Peachtree Borer Control

In our published research we have observed > 90% suppression of peachtree borer larvae when beneficial nematodes (Steinernema carpocapsae) are applied in the fall or in the spring (Cottrell and Shapiro-Ilan, 2006, Shapiro-Ilan et al., 2009). Currently, we are cooperating with University of Georgia and University of Florida scientists to determine irrigation requirements and the optimum method of application that the growers can use to control the pest, e.g., we are comparing application using a boom sprayer, trunk sprayer, handgun, etc. -Dr. David Shapiro-Ilan, Dr. Ted Cottrell, Dr. Dan Horton

Organic control of peach tree borer through application of entomopathogenic nematodes at organic peach tree grower located in Fayetteville, GA. -Dr. David Shapiro-Ilan, Dr. Ted Cottrell, and Dr. Dario Chavez

Plum Curculio Control

We discovered that the beneficial nematode, Steinernema riobrave, is highly virulent to the below-ground stages of plum curculio.  In the laboratory as well as in multiple field trials we have observed > 90% control of these insect stages (Shapiro-Ilan et al., 2004; 2008, 2011, 2013).  Our current research efforts are geared toward using nematodes in an integrated control program, e.g., we are exploring the potential to use sentinel trap trees to concentrate plum curculio within the orchard, and then kill them within those areas. Dr. Shapiro-Ilann, Dr. Ted Cottrell, Dr. Dan Horton

Root-feeding Weevil Control

An examination of peach roots has shown extensive feeding injury due to the larval stage of root-feeding weevils. The primary culprit were found to be two species of flightless weevils: Fuller’s rose beetle and the two-banded Japanese weevil. -Dr. Ted Cottrell, Dr. Dan Horton

Sap Beetle/Picnic Beetle Biology and Management.

The sap/picnic beetle complex is an emerging pest of peaches in both SC and GA. These beetles attack as fruit ripens, when it would be desirable to limit additional insecticide applications. The South Carolina Peach Council has funded our work to date.

a) Preliminary attract-&-kill trapping efforts in Meriwether County, GA and Edgefield County, SC showed promise. This technique has given control of Carpophilus dimidiatus sap beetles in Australian stone fruit. We are unaware of other use of this technique in the US.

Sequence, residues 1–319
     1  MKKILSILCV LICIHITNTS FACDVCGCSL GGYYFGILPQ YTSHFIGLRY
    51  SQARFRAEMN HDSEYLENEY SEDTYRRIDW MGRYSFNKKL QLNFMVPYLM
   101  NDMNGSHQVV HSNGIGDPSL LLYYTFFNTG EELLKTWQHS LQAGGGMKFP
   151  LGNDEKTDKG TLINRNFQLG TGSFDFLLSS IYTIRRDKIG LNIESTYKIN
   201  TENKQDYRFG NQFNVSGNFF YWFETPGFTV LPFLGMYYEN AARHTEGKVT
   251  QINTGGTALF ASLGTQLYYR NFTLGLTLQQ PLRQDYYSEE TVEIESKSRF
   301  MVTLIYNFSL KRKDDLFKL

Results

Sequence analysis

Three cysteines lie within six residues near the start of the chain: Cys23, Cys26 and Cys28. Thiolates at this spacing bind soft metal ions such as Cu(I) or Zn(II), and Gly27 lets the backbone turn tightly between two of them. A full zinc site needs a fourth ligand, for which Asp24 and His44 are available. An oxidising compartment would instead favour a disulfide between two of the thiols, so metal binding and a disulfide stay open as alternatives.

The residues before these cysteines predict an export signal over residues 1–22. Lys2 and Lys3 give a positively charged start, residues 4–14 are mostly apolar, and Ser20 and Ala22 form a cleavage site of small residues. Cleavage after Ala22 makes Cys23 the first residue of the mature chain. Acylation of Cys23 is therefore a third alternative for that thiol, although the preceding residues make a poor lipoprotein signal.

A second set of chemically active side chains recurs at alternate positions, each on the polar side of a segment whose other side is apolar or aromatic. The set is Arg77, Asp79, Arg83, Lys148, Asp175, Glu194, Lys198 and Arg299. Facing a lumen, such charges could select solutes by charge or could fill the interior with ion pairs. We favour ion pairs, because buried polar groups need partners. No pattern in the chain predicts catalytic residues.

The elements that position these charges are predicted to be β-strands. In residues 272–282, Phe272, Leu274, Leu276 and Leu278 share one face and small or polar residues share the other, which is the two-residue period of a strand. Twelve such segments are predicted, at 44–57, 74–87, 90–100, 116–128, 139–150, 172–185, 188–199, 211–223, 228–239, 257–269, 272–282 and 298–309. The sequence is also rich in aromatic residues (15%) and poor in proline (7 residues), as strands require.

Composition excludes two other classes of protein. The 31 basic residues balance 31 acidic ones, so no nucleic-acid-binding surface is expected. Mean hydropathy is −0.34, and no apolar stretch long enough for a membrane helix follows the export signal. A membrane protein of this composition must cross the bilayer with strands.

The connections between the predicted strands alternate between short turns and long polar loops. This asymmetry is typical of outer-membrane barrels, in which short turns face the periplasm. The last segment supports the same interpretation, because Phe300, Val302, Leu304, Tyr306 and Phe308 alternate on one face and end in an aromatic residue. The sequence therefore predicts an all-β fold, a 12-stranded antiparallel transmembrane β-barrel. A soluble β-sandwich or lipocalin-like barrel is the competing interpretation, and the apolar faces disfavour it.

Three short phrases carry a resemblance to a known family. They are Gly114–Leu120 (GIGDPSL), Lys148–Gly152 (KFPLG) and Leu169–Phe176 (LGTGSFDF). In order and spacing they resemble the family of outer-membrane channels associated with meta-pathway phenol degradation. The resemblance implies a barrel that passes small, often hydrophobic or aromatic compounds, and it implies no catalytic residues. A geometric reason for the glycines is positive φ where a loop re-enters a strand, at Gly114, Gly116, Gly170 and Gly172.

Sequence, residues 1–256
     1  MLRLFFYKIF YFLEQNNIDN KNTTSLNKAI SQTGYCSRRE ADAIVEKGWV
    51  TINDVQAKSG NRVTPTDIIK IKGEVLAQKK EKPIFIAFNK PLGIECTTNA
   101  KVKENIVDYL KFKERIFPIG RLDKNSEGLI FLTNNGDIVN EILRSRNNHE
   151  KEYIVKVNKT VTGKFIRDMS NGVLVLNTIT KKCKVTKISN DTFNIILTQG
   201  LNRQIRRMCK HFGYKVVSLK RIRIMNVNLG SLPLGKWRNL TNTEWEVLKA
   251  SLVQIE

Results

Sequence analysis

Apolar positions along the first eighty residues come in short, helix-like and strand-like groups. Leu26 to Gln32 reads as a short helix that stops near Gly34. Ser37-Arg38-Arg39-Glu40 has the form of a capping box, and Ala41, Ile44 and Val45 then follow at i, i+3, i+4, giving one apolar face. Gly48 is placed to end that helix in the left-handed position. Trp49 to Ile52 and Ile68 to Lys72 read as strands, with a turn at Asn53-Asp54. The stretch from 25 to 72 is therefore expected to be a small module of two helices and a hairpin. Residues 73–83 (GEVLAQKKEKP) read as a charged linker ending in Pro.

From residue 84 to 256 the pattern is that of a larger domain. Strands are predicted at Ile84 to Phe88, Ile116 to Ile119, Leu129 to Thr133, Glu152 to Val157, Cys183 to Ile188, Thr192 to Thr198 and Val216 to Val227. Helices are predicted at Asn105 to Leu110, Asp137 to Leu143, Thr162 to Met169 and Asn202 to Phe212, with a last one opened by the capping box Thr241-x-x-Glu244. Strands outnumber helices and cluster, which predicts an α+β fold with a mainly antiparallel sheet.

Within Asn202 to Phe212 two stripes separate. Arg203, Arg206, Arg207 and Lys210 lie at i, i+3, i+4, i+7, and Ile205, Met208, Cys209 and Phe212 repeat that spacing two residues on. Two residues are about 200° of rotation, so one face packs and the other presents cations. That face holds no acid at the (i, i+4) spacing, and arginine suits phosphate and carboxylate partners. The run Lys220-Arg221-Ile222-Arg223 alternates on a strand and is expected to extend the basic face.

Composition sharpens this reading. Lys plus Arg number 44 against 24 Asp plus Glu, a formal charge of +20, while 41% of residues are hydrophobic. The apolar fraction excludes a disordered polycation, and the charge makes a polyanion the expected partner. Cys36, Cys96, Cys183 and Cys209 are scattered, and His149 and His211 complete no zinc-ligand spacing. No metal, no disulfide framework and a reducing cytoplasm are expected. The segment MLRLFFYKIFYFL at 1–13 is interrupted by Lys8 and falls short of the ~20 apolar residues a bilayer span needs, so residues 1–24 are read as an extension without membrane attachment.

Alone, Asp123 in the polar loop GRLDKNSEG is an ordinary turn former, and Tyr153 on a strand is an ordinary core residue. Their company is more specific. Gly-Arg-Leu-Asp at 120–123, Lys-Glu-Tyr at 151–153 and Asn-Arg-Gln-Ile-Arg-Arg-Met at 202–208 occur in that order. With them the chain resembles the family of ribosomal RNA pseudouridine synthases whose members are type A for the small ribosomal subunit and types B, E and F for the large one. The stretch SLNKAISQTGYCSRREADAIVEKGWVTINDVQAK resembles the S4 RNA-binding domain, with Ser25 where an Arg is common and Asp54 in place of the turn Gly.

b) Collections have been made season-long to begin the process of defining the species complex and its seasonality.

c) Joe McHugh, UGA’s insect systematist, is working to clarify Carpophilus taxonomy. The C. dimidiatus species group is particularly difficult to definitively ID, even for experts in this group of beetles. Joe is collaborating with Andrew Cline, California Department of Food & Agriculture, who is regarded as the authority on Carpophilus taxonomy.

d) Ted Cottrell is heading up laboratory toxicology work with both Carpophilus (sap) and Glischrochilus (picnic) beetles to determine their baseline susceptibilities to peach insecticides. –Dan Horton, Ted Cottrell, Joe McHugh, Greg Henderson, Trey Gafnea & Brandon Nolan.

Scab Control

Fungicide trial to determine the best chemical management of peach scab in middle GA at the USDA-ARS Fruit and Tree Nut Research Station. Peach trees received various fungicide combinations at shuck split and petal fall. Peaches were then collected and scab damage was assessed. -Dr. Phil Brannen

Stink Bug Control

Sampling has determined peach activity period for brown stink bug attacking peach and pesticide efficacy testing has helped determine which products to use against the brown stink bug. Current research is assessing the role of barriers and trap crops for preventing stink bugs from entering orchards. -Dr. Ted Cottrell, Dr. Dan Horton, Dr. Glynn Tillman-USDA, ARS, Tifton